The definition of executive functioning is actually implied in the name – it is the CEO of an individual’s daily activities. These skills make up the child’s ability to organize, plan, problem solve, inhibit responses, fluidly transition between tasks, monitor work, and effectively change solutions based upon new information.
Examples Of Executive Functioning Skills:
These skills can be seen throughout a child’s day: does the child have a set plan for a morning routine, or is it chaos on a daily basis? Is the child’s room organized so that anyone walking in knows where items should be? What about his/her backpack or locker? Does the child forget to turn in homework assignments that he/she actually completed? Does the child forget to write down daily assignments or forget to bring home necessary materials? What about the social world – does the child struggle planning activities with friends? Read more
https://nspt4kids.com/wp-content/uploads/2016/05/nspt_2-color-logo_noclaims.png00Dr. Greg Stasihttps://nspt4kids.com/wp-content/uploads/2016/05/nspt_2-color-logo_noclaims.pngDr. Greg Stasi2011-04-12 21:45:502014-04-28 02:24:33What Is Executive Functioning?
I was asked to write a blog on giftedness in children – specifically, how to access it and how to ensure that a child with cognitive strength is able to reach his or her potential. This has proven to be a hard topic to write about. I don’t like the term “giftedness” for several reasons, but before I divulge those, I need to discuss what it means to be “gifted.”
A quick review of basic statistics is necessary in order to understand how we assess children has demonstrating superior ability. Traditionally, when we think of giftedness, we are thinking of a child’s IQ score. The vast majority of IQ scores used standard scores. A standard score is a statistical term in which a score of 100 is solidly average (50th percentile) and a standard deviation (the spread of scores from the mean of 100) of 15. In layman terms, scores between 85-115 are considered to be average.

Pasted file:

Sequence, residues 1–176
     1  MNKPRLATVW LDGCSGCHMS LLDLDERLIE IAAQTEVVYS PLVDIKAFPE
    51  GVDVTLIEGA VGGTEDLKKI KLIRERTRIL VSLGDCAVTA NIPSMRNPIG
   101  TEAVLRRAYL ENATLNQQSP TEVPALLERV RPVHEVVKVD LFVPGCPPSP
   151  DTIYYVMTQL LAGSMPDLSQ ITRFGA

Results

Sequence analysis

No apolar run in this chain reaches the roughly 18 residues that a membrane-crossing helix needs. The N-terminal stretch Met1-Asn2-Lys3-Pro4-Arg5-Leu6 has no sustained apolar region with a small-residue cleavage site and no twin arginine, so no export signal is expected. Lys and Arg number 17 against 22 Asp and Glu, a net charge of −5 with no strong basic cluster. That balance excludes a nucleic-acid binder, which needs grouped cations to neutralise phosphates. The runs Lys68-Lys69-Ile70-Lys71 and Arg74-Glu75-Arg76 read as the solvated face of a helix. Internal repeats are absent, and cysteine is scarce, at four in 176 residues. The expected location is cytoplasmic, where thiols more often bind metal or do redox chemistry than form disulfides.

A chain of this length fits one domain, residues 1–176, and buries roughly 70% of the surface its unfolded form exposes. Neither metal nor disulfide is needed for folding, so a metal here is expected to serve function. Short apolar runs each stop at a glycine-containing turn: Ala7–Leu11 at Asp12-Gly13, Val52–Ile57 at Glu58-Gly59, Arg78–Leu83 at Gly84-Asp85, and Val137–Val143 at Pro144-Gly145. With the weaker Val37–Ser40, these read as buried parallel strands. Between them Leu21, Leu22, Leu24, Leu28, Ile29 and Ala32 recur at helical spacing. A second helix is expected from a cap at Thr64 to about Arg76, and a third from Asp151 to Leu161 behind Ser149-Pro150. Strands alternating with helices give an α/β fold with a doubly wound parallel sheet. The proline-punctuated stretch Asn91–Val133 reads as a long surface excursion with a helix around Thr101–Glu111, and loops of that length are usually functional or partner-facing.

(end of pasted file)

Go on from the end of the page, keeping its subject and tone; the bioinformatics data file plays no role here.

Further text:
When you are talking about giftedness, we see scores with at least two standard deviations greater than the mean (meaning an IQ score of 130 or higher). So, gifted children are those children that have IQ scores of 130 or higher. Pretty easy to identify, right? Wrong. One of my major critiques of giftedness is that parents and some academic folk rely way too much on the overall IQ score to determine if a child is gifted.
What Are IQ Measurements For Children?
The current gold-standard IQ measure, the Wechsler Intelligence Scale for Children, Fourth Edition (WISC-IV) came out in 2003. On the WISC-IV, children attain a Full Scale IQ score, which is comprised of several factors: verbal reasoning and comprehension, nonverbal reasoning, immediate attention and memory, and processing speed. Here lies one of the concerns in assessing giftedness. Which score should one use? Read more
https://nspt4kids.com/wp-content/uploads/2016/05/nspt_2-color-logo_noclaims.png00Dr. Greg Stasihttps://nspt4kids.com/wp-content/uploads/2016/05/nspt_2-color-logo_noclaims.pngDr. Greg Stasi2011-03-22 10:06:362014-04-28 02:33:19Gifted Children And What It Means To Be Advanced
Popular media is now teeming with stories about the dramatic rise in autism. Several celebrities have spoken publicly and advocated for increased research on assessment methods and treatment options. Parents are now more keenly aware of even minor deviations in their child’s developmental milestones, and they worry that these delays could be the first signs of a debilitating life-long disorder.